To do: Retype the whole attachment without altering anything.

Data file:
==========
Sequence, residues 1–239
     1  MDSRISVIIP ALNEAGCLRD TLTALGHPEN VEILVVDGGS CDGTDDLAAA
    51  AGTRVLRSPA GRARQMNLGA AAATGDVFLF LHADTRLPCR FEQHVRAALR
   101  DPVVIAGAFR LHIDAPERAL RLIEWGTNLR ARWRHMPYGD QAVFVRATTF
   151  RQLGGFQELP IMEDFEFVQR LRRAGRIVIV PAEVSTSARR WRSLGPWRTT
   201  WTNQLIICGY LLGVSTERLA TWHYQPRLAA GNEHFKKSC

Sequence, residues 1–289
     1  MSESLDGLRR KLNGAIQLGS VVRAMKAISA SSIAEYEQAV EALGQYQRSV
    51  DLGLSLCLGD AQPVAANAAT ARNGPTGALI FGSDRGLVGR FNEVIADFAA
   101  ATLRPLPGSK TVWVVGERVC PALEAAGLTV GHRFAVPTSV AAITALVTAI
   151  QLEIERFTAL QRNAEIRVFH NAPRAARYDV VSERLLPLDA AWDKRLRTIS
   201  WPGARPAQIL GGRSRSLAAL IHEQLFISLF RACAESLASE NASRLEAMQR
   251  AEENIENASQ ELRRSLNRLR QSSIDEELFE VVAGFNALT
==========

Sequence, residues 1–239
     1  MDSRISVIIP ALNEAGCLRD TLTALGHPEN VEILVVDGGS CDGTDDLAAA
    51  AGTRVLRSPA GRARQMNLGA AAATGDVFLF LHADTRLPCR FEQHVRAALR
   101  DPVVIAGAFR LHIDAPERAL RLIEWGTNLR ARWRHMPYGD QAVFVRATTF
   151  RQLGGFQELP IMEDFEFVQR LRRAGRIVIV PAEVSTSARR WRSLGPWRTT
   201  WTNQLIICGY LLGVSTERLA TWHYQPRLAA GNEHFKKSC

Sequence, residues 1–289
     1  MSESLDGLRR KLNGAIQLGS VVRAMKAISA SSIAEYEQAV EALGQYQRSV
    51  DLGLSLCLGD AQPVAANAAT ARNGPTGALI FGSDRGLVGR FNEVIADFAA
   101  ATLRPLPGSK TVWVVGERVC PALEAAGLTV GHRFAVPTSV AAITALVTAI
   151  QLEIERFTAL QRNAEIRVFH NAPRAARYDV VSERLLPLDA AWDKRLRTIS
   201  WPGARPAQIL GGRSRSLAAL IHEQLFISLF RACAESLASE NASRLEAMQR
   251  AEENIENASQ ELRRSLNRLR QSSIDEELFE VVAGFNALT